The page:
Diversity and inclusion has been a major topic in advertising and marketing for the last few years, yet the industry’s biggest event, the Cannes Lions International Festival of Creativity, is a sea of sameness.
Less than 2% of Cannes attendees are people of color or from underrepresented communities, but the festival is looking to drive conversations and change this year by teaming up with the Cannes Can: Diversity Collective (CC:DC) to launch Inkwell Beach.
The beach, named after the sandy location in Martha’s Vineyard, Massachusetts, that has been a home to African-American vacationers since the 1890s, will serve as a place to highlight and celebrate diverse groups across creative, media, marketing, entertainment, technology and communications.
“Cannes Lions is where the best creative work in the world is judged to the highest standards,” said Cannes Can: Diversity Collective founder Adrianne Smith in a statement. “Each year the stakes are raised and access to inspiration via the internet and technology mount but the audience at the festival has remained the same. We can and must do better.”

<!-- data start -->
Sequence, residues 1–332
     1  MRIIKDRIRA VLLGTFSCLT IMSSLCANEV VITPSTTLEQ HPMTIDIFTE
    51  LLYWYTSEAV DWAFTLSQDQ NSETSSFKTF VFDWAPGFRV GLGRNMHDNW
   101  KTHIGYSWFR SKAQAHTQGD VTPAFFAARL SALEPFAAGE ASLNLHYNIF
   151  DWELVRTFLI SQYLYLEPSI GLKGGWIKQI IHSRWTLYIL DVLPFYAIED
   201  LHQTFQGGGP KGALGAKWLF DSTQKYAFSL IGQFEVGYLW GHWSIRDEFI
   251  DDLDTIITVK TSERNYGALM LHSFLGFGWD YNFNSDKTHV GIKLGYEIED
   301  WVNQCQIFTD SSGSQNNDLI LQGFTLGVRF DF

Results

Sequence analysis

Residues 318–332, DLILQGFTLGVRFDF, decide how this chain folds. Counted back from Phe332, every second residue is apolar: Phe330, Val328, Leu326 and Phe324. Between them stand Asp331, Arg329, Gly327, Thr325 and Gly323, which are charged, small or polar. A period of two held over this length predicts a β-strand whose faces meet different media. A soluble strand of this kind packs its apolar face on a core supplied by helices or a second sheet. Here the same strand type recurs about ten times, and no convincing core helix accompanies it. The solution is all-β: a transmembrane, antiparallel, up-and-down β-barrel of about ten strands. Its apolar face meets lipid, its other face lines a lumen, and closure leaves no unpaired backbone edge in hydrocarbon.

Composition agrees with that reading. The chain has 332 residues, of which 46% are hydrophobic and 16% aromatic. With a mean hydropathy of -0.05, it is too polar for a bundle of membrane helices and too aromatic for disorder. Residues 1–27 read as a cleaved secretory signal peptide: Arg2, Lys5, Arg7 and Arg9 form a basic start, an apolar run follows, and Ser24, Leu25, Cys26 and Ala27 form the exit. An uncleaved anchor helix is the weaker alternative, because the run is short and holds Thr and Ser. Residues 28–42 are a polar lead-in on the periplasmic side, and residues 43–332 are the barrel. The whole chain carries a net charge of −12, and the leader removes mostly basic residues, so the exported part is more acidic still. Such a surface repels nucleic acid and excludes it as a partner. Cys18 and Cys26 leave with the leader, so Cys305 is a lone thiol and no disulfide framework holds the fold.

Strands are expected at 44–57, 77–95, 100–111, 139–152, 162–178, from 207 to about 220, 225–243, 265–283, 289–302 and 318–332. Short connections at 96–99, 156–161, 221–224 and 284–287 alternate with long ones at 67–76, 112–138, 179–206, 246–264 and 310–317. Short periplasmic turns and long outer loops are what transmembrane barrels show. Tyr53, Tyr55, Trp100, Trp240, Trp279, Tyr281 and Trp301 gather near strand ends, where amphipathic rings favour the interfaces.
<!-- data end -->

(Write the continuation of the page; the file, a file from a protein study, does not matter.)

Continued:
Smith launched CC:DC in 2017 after seeing the increase in discussions about diversity but a lack of faces of color at Cannes. The group is looking to push beyond discussions by providing more opportunities for diverse individuals.
Various brands and agencies have signed on to support Inkwell Beach at Cannes this year, including: BBDO, FCB, Grey Essence Global, Google’s Creative Campus, Ogilvy, Landor, Moxie, MRY, Zenith, TV One, Wunderman Thompson, VMLY&R and WPP. CC:DC also plans to help 25 young people attend the Young Cannes Lions Academies.
Throughout the week, Inkwell Beach will be home to morning meditation sessions, “Courageous Conversations” with industry leaders and thought leadership efforts from partners, such as the 4A’s, Oberland, Procter & Gamble, Dentsu, Egami Group, FCB, Leo Burnett, UniWorld, Turner, YouTube and more.
“Our vision is bold,” said Smith. “We want to transform the advertising industry, the space that controls the images of how we view the human condition, to be a radically inclusive space where the devaluing of human creative capital becomes repulsive to the DNA of the industry. Therefore, the current culture of ‘isms’ will be eradicated by a full embrace of equality, diversity and inclusion. Together, we will show how diversity of individuals and ideas is an industry win-win.”
This story first appeared on campaignlive.com.